July 8, 2015
Essential Public Services. A key purpose of chapter 9 municipal bankruptcy is to ensure that a city or county can continue to provide essential services. While that reads well, it is more difficult in practice—so it is that in the midst of a searing drought the second of San Bernardino’s fire stations has been unstaffed since July 1st, and will likely remain unstaffed until new firefighters are available in August; similarly, the paramedics at Station 223, which had previously been “browned out,” or temporarily closed, is without city personnel, as is Station 230—which has been closed for budget reasons since last October. There are multiple constraints, including the expiration of a FEMA grant affecting 9 firefighters; the city is increasingly unable to attract new firefighters, because of its bankruptcy status, its lack of competitiveness in compensation (San Bernardino pays about 8-10 percent less than its surrounding neighbors), and its proposal in its plan of debt adjustment pending before the U.S. Bankruptcy Court to, increasingly, contract out; and the city simply lacks the fiscal resources to compete in the hiring markets. Citing a lack of stability and a perceived lack of respect from city officials, firefighters have been leaving the city in record numbers this year. In May, when 10 had left for jobs with other agencies, that was more than the previous four years combined, and more than triple the average for 2005-2014. The situation has reached what City Manager Allen Parker reports to be a situation “bordering on a crisis,” noting he understands that at one point the growing dearth of firefighters had recently forced the closure of four stations at a single time. San Bernardino currently has 20 vacancies in the Fire Department—but reports it now has 14 ready to be hired, and to commence training; yet, unsurprisingly, 9-1-1 response times remain slower than the industry standard. Response times, of course, can sometimes demarcate the difference between life and death. The dearth of firefighters is creating a separate policy issue for the City Council: which station or stations to close? Councilmember John Valdivia, who last year was outvoted when the Council provided authority for stations to be closed, believes it is unfair to always close one station, especially in this instance where he believes the station most affected happens to serve a particularly poor, minority neighborhood. The life and death choices have been further complicated by San Bernardino’s charter, which mandates that salaries for firefighters be raised to the average of 10 like-sized cities—a critical factor in the bankrupt city’s 4-3 vote Monday evening to provide an increase of $500,000 in base pay, overtime, and pension benefits. San Bernardino is trying to contract out fire services, as part of its plan of debt adjustment pending before U.S. Bankruptcy Judge Meredith Jury, claiming the move, if approved, could achieve $7 million to $10 million in savings.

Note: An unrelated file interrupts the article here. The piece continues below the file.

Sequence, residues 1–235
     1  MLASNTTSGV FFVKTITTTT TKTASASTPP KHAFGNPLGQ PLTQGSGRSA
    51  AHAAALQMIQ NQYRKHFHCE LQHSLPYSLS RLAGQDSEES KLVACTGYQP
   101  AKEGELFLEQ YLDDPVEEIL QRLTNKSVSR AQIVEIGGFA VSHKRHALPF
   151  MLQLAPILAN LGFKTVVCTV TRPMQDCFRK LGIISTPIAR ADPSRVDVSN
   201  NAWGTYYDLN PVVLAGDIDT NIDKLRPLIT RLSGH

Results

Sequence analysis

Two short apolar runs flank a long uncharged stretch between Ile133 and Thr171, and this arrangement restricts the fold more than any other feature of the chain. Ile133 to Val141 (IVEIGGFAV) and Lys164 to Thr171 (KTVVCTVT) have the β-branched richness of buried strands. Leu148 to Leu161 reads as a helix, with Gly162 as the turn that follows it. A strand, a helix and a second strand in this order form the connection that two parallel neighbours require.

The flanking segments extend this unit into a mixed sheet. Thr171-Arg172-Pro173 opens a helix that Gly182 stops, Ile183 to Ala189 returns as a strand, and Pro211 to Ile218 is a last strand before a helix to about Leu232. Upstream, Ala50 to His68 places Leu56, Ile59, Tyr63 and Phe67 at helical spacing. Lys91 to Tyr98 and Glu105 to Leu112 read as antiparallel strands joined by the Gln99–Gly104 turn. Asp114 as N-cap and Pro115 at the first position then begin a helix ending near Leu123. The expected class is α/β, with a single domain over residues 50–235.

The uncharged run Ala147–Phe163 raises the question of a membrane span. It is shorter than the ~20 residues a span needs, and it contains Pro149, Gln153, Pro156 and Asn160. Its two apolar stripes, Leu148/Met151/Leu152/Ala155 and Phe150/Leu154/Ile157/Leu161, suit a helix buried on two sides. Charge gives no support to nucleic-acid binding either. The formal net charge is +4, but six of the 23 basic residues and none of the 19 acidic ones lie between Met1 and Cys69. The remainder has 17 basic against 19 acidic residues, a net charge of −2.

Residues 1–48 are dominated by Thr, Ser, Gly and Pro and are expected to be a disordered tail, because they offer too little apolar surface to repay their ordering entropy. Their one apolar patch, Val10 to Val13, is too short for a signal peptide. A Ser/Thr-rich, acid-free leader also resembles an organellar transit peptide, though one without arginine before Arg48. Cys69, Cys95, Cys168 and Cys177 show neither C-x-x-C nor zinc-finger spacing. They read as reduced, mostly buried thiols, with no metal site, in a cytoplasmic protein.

Is Puerto Rico Being Held Up? A U.S. Court of Appeals yesterday rejected the U.S. Territory’s effort to overturn the lower court’s rejection of its restructuring law (Franklin California Tax-Free Trust v. Commonwealth of Puerto Rico, 15-1218, U.S. Court of Appeals for the First Circuit), adding further pressure on Congress to act on options to ensure Puerto Rico is able to continue to provide essential public services as it nears insolvency. Writing for the majority, Judge Sandra Lynch wrote: “Congress preserved to itself that power to authorize Puerto Rican municipalities to seek Chapter 9 relief.” In his concurring opinion, Judge Juan Torruella wrote there was no legislative basis for not allowing Puerto Rico public entities from seeking Chapter 9 relief: “A tracing of its travels through the halls of Congress sheds less light than a piece of coal on a moonless night regarding the reason for its enactment. Thus, the majority’s statement that ‘Congress [sought to] preserve to itself th[e] power to authorize Puerto Rican municipalities to seek Chapter 9 relief’, is pure fiction.” Nevertheless, the decision found the Puerto Rico Public Corporation Debt Enforcement and Recovery Act, enacted last year to allow the territory’s cash-strapped public utilities to restructure, is not valid and cannot be implemented because of the lack of bondholder consent, in effect giving a victory in favor of two groups of holders of nearly $2 billion of PREPA bonds — Franklin California Tax-Free Trust and BlueMountain Capital Management, with the court affirming the lower court’s holding that Puerto Rico’s recovery law violates §903(1) of the U.S. bankruptcy code, which prohibits states from passing laws that would allow their public entities to restructure without the approval of those entities’ creditors. The court, interestingly, wrote that the commonwealth is considered a state under bankruptcy law even though it was deemed ineligible for filing for bankruptcy protection under Chapter 9 in amendments to the bankruptcy code enacted in 1984. That opinion contrasted with Puerto Rico’s attorneys, who had argued that the U.S. territory is in a “no man’s land,” because it is not a state, and, therefore, ineligible for chapter 9 bankruptcy protection to ensure continuity of vital services and protection from creditors. The decision had the effect of rejecting the Puerto Rican statute which would have permitted the territory to adopt chapter 9-like provisions so that its municipalities and public agencies could seek protection from creditors. Puerto Rico Attorney General Cesar Miranda Rodriguez said Puerto Rico may appeal to the U.S. Supreme Court, noting that, in his view: “It’s arbitrary and inconceivable that Puerto Rico will be deprived of a tool that allows for an orderly negotiation of public debt.” Absent either a Supreme Court reversal or action by Congress, Puerto Rico confronts a free-for-all. In contrast, lawyers representing hedge funds and municipal bondholders claimed that Congress has not permitted Puerto Rico to create its own bankruptcy laws.